It sounds like an unlikely pairing, but Krispy Kreme
This is only the chain's second location outside North America, but it plans to open 25 more stores in England and Ireland in the next five years. Apparently, the North Carolina chain assumes its sugary doughnuts and fresh coffee can compete with classic crumpets and tea.
The company's famous "Hot Doughnuts Now" sign will light up to be visible from the store's London street entrance and from its second entrance, Harrods Food Hall, starting at 7 every morning. This is the first time the sign will shine in Europe. Homer Simpson would be proud.
Krispy Kreme operates nearly 320 stores in the United States, making more than 7 million doughnuts daily. A typical store sees $35,000 a week in sales, but apparently the product is addicting because much older stores in the Southeast have sales reaching $80,000 a week. Breakeven for a store is around $20,000 to $25,000 in weekly revenue.
New stores typically open to $60,000 to $70,000 a week in sales, before settling below that and then -- with luck -- building over the years. The chain has achieved strong sales growth at stores open at least a year, recently double-digits year over year.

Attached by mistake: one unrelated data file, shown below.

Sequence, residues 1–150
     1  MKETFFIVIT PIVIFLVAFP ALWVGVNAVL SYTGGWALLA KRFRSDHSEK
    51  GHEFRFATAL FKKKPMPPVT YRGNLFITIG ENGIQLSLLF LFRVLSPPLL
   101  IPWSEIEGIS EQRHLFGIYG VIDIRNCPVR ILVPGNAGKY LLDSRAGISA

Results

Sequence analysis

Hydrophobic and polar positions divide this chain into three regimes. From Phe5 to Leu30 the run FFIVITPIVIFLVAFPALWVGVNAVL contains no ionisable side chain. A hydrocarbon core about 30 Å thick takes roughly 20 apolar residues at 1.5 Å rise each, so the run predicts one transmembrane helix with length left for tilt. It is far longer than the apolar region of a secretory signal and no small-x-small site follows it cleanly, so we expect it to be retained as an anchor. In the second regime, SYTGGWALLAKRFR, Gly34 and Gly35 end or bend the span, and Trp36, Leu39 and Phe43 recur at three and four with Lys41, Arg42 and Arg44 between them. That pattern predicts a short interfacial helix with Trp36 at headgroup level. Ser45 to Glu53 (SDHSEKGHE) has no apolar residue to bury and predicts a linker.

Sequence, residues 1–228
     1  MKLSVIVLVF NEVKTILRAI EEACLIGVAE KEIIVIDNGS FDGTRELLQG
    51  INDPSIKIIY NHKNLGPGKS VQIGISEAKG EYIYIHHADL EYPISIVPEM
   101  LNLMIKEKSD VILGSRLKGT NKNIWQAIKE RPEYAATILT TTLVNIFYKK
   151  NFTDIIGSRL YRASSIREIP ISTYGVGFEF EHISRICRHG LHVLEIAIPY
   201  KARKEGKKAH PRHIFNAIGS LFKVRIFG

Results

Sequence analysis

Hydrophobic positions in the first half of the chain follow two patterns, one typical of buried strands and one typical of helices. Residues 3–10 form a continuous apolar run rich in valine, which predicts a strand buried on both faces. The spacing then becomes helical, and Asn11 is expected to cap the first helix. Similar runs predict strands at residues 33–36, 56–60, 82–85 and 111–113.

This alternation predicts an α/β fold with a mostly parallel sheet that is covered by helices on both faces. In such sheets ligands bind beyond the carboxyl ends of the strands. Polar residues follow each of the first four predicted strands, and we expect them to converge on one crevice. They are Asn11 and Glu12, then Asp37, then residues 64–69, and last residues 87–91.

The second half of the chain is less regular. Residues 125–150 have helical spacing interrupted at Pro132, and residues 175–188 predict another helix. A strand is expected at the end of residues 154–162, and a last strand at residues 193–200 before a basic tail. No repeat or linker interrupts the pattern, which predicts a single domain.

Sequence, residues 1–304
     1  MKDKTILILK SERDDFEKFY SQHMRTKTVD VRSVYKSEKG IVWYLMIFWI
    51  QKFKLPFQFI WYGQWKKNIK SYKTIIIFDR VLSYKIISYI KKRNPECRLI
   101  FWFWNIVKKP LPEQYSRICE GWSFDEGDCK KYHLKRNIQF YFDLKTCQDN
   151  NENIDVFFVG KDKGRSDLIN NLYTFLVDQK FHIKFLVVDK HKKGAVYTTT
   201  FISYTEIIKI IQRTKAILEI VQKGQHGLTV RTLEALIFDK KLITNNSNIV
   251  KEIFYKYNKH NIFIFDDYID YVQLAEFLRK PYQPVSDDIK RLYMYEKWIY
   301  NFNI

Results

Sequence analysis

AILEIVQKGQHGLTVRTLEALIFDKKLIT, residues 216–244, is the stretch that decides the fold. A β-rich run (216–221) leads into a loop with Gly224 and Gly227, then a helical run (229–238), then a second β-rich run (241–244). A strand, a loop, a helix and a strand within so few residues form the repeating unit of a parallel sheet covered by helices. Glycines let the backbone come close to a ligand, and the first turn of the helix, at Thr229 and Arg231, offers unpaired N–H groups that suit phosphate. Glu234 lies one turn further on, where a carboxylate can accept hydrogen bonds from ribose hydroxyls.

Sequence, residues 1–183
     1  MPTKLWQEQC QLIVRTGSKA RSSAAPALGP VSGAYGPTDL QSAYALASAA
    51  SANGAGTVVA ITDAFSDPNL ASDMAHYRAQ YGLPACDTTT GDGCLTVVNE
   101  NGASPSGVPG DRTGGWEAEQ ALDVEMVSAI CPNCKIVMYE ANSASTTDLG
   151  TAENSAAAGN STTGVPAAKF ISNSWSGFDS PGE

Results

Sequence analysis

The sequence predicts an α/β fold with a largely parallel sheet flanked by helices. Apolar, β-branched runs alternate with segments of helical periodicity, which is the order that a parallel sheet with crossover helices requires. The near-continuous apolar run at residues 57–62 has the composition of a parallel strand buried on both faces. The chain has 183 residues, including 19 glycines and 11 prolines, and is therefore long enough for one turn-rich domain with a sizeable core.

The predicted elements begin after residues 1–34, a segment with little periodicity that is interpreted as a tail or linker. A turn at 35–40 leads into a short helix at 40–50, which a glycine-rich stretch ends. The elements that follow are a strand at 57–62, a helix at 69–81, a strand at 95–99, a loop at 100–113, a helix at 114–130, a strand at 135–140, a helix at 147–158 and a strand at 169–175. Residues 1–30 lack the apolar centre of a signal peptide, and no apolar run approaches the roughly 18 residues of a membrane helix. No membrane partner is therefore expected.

A Wall Street Journal article raised concerns about sales results a few weeks ago, and this week the company spoke to those concerns, saying sales fluctuations are to be expected and are part of its model.
Aside from England and Ireland, Krispy Kreme plans to open about 75 other international locations in the next five years, while opening about that many stores next year in North America. Australia was the first international site, now the U.K, and later markets will likely include Mexico, Korea, Japan, and possibly China. The company should near $1 billion in sales this year and grow earnings around 45%.